• DNA hybridization;
  • electron microscopy;
  • intrauterine infection;
  • hydrops fetalis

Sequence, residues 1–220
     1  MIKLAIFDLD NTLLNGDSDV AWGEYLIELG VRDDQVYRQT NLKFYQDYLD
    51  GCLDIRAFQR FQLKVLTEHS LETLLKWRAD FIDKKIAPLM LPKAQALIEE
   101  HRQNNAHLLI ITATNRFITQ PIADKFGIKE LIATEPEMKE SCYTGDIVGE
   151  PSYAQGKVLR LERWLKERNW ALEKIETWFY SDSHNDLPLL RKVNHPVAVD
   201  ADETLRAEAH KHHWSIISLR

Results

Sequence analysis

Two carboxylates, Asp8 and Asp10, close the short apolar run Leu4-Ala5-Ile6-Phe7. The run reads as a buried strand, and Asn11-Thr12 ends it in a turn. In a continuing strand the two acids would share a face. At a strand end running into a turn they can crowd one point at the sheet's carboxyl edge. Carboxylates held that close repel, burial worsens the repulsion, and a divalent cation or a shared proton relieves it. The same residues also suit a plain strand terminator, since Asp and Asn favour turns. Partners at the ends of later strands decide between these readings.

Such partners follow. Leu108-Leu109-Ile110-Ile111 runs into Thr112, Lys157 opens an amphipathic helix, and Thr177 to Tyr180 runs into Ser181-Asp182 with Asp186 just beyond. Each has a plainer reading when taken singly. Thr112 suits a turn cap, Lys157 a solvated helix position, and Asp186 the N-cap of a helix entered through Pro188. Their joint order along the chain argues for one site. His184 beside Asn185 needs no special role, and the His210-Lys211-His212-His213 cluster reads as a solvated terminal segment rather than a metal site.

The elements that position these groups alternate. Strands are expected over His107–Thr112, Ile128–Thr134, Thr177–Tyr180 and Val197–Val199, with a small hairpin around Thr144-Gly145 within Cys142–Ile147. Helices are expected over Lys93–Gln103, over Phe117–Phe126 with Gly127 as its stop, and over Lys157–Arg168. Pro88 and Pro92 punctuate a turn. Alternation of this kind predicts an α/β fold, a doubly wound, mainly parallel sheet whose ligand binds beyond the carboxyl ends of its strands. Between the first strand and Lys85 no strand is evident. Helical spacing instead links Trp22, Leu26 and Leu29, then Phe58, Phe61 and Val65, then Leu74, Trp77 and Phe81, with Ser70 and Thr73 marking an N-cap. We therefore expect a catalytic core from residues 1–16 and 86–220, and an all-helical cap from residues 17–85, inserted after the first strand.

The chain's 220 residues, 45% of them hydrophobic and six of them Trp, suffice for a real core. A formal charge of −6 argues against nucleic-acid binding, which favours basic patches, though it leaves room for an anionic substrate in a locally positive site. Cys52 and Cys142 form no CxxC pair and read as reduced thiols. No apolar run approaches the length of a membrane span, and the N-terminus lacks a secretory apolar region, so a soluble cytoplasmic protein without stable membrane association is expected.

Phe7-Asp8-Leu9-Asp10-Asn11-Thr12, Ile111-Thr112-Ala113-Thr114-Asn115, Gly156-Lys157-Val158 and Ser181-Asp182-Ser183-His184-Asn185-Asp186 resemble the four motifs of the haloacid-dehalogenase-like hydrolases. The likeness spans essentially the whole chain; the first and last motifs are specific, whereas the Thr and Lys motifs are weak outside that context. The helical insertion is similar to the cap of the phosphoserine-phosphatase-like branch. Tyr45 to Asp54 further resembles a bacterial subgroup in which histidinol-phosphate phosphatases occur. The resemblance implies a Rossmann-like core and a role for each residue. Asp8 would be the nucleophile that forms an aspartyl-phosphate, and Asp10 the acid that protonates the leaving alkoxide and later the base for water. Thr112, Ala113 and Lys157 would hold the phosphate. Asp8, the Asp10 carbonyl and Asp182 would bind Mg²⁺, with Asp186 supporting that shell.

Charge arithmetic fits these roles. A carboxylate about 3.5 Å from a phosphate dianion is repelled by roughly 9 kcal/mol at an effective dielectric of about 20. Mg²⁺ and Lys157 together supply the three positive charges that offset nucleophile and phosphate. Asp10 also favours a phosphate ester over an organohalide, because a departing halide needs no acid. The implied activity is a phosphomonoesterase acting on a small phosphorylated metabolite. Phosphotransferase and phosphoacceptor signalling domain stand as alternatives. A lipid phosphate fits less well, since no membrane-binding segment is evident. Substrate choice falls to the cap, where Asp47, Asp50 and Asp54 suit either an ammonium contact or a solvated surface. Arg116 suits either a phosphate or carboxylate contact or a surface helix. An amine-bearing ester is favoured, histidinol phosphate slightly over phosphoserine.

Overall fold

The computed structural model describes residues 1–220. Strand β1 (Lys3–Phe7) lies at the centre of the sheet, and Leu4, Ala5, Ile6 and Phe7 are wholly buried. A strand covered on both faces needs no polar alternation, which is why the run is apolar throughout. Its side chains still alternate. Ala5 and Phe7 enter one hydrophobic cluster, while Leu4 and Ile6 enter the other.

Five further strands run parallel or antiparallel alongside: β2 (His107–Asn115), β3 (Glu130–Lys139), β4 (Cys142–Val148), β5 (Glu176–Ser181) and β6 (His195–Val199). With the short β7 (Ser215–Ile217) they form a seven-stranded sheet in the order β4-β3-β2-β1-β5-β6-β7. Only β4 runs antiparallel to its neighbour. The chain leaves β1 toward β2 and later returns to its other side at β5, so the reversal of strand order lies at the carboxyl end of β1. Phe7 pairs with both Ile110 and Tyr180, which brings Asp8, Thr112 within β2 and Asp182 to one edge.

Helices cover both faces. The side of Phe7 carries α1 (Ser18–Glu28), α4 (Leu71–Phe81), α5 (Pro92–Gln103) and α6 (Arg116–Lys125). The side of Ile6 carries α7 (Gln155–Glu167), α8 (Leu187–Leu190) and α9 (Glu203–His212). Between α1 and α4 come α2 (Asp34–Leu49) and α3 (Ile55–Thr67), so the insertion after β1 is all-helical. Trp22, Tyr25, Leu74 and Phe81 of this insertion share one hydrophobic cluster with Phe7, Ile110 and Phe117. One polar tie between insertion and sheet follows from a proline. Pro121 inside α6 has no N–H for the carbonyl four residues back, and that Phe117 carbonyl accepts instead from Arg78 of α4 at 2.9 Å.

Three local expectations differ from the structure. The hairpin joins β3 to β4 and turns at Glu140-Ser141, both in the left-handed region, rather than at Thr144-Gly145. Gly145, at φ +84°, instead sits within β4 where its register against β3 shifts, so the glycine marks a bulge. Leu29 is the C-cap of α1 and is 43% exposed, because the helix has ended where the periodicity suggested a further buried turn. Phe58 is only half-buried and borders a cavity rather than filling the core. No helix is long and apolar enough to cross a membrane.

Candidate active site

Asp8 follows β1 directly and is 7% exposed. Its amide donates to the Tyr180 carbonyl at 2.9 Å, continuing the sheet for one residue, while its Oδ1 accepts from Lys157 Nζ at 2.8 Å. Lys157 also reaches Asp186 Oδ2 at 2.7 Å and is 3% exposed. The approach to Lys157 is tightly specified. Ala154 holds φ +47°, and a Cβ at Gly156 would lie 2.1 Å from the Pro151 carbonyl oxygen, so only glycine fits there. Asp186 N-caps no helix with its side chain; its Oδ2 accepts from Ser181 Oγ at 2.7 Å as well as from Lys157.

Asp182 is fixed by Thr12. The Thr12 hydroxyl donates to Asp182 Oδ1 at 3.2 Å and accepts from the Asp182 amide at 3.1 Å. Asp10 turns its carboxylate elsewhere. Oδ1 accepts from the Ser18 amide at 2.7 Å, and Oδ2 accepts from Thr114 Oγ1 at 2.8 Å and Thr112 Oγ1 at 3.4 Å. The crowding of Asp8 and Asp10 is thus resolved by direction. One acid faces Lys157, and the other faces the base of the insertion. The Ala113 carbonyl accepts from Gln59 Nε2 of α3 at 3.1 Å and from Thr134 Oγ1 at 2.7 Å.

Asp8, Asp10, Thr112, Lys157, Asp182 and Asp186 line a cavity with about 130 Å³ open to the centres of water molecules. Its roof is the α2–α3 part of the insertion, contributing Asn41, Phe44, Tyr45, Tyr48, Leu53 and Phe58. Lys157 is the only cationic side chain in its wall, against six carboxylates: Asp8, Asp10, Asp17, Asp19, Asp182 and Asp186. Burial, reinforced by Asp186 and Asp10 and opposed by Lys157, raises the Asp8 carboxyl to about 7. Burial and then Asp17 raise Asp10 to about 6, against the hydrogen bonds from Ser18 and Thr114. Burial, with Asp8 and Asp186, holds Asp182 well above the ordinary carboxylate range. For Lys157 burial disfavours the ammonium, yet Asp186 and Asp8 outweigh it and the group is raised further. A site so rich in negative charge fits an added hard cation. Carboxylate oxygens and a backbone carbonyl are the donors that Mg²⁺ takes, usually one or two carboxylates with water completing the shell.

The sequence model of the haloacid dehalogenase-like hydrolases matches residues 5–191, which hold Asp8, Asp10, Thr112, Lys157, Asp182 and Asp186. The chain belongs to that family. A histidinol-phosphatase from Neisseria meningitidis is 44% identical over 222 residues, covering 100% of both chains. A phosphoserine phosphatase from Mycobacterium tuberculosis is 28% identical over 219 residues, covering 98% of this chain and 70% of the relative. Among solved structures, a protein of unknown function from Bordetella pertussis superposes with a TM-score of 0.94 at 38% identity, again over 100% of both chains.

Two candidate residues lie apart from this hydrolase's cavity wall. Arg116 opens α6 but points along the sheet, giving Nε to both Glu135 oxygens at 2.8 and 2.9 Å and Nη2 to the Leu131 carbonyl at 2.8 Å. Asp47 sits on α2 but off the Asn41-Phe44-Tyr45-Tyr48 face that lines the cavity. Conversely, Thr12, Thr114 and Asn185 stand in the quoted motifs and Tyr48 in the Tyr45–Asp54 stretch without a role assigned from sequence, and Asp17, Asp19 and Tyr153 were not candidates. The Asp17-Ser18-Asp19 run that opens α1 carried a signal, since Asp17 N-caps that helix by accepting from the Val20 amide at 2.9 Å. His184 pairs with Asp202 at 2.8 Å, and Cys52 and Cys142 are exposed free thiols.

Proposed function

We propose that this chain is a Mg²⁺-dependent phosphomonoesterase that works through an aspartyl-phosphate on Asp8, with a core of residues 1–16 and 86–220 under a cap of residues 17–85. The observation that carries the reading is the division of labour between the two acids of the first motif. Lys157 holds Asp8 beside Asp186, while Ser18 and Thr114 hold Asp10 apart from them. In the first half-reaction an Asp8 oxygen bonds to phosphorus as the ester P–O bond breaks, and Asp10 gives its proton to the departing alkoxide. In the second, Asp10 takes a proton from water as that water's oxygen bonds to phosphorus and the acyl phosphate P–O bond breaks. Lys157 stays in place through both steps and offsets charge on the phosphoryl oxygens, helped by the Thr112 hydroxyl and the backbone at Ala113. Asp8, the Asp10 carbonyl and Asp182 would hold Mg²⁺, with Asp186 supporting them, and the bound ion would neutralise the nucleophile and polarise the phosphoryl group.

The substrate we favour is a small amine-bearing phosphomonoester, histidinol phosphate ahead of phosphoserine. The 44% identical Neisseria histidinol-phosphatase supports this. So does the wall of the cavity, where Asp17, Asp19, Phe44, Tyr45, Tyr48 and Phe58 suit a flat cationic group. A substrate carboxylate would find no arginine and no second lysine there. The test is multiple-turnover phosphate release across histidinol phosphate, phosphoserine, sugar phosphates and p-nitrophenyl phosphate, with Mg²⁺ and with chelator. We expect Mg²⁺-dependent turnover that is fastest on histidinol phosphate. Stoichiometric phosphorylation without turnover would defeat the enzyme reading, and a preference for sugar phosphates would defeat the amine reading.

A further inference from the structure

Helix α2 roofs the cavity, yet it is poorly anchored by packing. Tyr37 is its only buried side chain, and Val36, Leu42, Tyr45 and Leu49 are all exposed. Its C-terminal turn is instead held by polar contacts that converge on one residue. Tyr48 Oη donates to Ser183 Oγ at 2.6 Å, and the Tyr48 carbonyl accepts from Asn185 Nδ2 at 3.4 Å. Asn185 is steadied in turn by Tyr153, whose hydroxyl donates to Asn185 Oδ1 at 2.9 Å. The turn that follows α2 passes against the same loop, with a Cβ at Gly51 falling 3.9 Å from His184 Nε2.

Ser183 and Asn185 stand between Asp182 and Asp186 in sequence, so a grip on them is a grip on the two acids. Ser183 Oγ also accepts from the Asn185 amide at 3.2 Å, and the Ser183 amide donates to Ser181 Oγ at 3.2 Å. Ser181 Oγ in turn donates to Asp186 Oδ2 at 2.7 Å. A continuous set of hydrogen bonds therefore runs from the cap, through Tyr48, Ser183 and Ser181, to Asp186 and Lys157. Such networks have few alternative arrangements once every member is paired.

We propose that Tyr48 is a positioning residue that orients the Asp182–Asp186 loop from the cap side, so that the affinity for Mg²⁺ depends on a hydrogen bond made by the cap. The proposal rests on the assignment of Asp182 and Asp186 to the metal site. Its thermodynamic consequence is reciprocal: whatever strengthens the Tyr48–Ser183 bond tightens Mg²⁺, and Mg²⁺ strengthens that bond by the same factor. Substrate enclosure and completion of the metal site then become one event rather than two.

Human parvovirus B19 commonly infects children, causing erythema infectiosum (fifth disease). However, there is a significant adult population which has not been exposed to the virus and, consequently, does not have protective antibody. Recent reports have associated B19 infection during pregnancy with fetal death, although normal outcome of pregnancy is more common. To characterise further the role of B19 infection in fetal deaths, a series of laboratory investigations has been undertaken on tissues obtained at autopsy. These have demonstrated the presence of virion-sized DNA by Southern blotting, viral antigen by radioimmunoassay, and viral particles by electron microscopy, all from tissues of hydrops fetalis. These data confirm that the human parvovirus B19 can cross the placenta and replicate in fetal tissues.